18 May 2018
Proposal Puts Forth Ban on Certain Single-use Plastic Products
On 30 April 2017, it came to light that there is to be a ban on plastics used in items such as cotton buds, straws, cutlery, plates, beverage stirrers and balloon sticks, a leaked EU draft legislative proposal has revealed. According to the leaked draft, this is part of an upcoming proposal on single-use plastics under the EU’s plastic strategy aimed at reducing plastic pollution.
The European Commission announced in January this year that it has adopted the first-ever Europe-wide strategy on plastics, as part of the EU’s transition towards a more circular economy. The aim of the strategy is to protect the environment from plastic pollution whilst fostering growth and innovation, thus aiming to turn a challenge into a positive agenda for the future of Europe.
It is felt, according to the Commission, that there is a strong business case for transforming the way products are designed, produced, used, and recycled in the EU.
Following the January announcement, in February 2018 EU Environment Commissioner Karmenu Vella undertook to put forth a legislative proposal restricting single-use plastics, with a view to fulfilment of one of the main aims of the EU’s new strategy on plastics. A draft of this legislative proposal on the reduction of the impact of certain plastic products on the environment has been leaked, detailing upcoming proposals which may be of interest to Hong Kong businesses exporting their goods, whether made of plastic, or packaged in plastic materials, to the EU.
The main objective of the leaked draft is the prevention and reduction of plastic marine litter of single-use plastic items and fishing gear. The Commission reports that about 80% to 85% of marine litter, measured as beach litter counts, is plastic, with single-use plastic items representing 50% and fishing-related items 27%. Bearing this in mind, the draft applies to “single-use plastic products”. Such product is defined as “a product made wholly or partly from plastic that is not conceived, designed and placed on the market to accomplish within its lifecycle multiple trips or rotations by being refilled or re-used for the same purpose for which it was conceived”. Additionally, the draft applies to fishing gear which contains plastic.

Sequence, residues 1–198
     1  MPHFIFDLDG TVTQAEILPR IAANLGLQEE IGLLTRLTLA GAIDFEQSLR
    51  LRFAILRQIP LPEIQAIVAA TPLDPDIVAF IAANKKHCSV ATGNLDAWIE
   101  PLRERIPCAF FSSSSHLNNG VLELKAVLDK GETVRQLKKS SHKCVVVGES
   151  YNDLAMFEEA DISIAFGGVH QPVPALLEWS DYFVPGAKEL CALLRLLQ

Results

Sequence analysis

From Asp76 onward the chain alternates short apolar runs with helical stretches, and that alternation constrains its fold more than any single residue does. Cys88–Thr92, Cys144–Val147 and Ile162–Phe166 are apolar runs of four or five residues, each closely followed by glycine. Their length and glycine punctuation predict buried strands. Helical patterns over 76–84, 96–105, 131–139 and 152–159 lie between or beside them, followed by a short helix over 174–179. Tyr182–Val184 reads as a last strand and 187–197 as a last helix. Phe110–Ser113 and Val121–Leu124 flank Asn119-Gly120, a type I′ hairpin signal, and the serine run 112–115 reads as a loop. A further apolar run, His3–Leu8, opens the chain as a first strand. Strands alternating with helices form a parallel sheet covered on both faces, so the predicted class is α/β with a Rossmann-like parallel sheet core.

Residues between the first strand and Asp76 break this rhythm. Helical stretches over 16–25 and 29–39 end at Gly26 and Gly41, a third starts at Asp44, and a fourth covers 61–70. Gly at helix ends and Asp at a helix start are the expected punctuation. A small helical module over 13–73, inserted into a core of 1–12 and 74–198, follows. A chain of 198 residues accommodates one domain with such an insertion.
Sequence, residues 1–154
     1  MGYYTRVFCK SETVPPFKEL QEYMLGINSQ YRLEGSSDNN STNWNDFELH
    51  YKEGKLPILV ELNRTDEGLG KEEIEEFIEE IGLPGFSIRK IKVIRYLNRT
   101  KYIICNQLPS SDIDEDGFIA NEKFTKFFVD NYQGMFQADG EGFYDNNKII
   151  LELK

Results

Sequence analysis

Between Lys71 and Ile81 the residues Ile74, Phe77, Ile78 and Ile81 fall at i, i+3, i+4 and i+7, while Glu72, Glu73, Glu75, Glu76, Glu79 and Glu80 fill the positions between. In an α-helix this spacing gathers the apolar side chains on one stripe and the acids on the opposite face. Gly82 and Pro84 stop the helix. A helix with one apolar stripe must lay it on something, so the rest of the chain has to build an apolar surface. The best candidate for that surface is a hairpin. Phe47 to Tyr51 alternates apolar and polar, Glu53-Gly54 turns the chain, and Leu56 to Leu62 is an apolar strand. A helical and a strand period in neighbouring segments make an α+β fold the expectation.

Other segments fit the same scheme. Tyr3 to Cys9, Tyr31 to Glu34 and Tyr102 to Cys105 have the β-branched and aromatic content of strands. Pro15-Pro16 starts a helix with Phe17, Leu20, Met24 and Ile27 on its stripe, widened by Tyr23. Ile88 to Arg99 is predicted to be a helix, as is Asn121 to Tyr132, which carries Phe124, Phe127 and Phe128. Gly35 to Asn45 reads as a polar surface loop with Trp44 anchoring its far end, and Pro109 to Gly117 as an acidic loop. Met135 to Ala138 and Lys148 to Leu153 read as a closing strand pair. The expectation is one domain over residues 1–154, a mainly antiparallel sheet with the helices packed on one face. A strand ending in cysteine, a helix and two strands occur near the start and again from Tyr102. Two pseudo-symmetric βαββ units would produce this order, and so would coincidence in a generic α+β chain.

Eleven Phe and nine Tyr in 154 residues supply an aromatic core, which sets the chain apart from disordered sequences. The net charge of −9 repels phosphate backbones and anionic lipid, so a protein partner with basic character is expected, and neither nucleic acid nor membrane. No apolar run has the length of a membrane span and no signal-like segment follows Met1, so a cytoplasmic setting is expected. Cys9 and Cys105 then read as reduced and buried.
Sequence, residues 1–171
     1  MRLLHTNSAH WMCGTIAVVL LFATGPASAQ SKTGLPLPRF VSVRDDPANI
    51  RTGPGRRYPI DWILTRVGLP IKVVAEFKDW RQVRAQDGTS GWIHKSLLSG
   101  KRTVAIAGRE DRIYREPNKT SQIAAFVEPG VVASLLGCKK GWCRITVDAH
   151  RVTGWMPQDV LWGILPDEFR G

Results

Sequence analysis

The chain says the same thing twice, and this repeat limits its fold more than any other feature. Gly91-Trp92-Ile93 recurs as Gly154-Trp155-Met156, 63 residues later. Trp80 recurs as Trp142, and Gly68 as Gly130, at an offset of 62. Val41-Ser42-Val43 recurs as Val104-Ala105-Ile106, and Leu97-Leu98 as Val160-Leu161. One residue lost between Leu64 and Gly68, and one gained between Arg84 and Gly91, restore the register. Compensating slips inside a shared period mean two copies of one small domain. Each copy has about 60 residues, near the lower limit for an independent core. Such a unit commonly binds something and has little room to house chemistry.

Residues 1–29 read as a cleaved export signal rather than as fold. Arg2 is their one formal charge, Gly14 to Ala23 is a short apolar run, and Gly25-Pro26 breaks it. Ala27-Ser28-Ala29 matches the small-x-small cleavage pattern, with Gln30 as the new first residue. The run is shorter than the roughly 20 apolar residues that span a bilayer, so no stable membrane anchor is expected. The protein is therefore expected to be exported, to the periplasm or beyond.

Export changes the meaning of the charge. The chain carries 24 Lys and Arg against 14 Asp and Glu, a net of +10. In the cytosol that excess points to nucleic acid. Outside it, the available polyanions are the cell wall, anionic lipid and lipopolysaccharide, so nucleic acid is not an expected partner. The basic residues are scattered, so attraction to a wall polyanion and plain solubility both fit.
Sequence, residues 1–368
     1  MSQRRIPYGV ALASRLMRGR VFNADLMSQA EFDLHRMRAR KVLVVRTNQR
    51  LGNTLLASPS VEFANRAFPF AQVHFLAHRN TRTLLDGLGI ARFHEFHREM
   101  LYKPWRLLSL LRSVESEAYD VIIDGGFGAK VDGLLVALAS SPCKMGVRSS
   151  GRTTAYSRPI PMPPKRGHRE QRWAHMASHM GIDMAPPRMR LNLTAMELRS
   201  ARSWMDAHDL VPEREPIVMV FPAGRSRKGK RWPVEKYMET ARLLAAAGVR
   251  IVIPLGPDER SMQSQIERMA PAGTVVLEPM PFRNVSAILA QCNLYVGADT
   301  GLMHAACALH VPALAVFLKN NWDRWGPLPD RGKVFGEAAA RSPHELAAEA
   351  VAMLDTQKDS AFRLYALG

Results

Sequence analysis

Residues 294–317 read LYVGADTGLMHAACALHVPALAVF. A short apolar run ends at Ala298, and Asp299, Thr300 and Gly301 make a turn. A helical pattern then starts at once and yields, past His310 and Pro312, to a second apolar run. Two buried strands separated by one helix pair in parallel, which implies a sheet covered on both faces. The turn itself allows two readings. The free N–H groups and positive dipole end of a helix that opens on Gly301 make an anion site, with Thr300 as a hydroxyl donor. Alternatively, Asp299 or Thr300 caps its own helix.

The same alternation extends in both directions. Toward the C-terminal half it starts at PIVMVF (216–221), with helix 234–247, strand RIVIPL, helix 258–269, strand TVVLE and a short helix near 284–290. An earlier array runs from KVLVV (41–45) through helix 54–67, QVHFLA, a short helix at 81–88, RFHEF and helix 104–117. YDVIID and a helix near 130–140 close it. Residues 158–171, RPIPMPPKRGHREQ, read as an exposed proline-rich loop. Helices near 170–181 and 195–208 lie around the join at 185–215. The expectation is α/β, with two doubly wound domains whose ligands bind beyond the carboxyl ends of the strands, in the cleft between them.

What may be of particular interest to Hong Kong sellers are the provisions relating to single-use plastics. Firstly, the leaked draft reveals that the Commission is to propose a ban on certain single-use plastic products including cotton buds, straws, cutlery, plates, beverage stirrers and balloon sticks. The Commission emphasises that there are suitable alternatives readily available for these products which are more sustainable.
Secondly, in relation to single-use plastic beverage containers, the draft requires that they are designed and manufactured so that their caps and lids remain attached to the container during the product’s use stage.
Thirdly, the leaked draft imposes labelling requirements for certain products. The draft requires products to be labelled informing consumers of the negative environmental impact of littering and other inappropriate disposal of waste.
Fourthly, the leaked draft applies the “polluter pays” principle to producers of plastics and extends producer responsibility schemes to cover the costs of waste management and clean-up of marine litter and of awareness-raising measures to prevent and reduce such litter.
Finally, the draft provides that EU Member States impose effective, proportionate and dissuasive penalties in order to prevent infringements.
The proposals contained in the leaked draft are likely to have an impact on the design and production of certain products originating in Hong Kong and exported to the EU. Therefore, Hong Kong businesses should be aware that these changes may be implemented in the not too distant future. The draft Directive is expected to be tabled by the end of May, after which it will have to go through the EU’s legislative process before adoption.
Moreover, in April of this year, the UK’s Prime Minister, Theresa May, announced a consultation on single-use plastics, which could lead to a ban being enforced on cotton buds, plastic drinking straws and other single-use plastics in the UK as early as 2019.
The actions of the European Commission and the UK government demonstrate a strong commitment to protecting the environment from plastic pollution, and Hong Kong’s manufacturing sector exporting to the EU should know that the strategy will continue to transform the way products are designed, produced, used, and recycled in the EU.
Please click on the following for the text of the draft legislative proposal.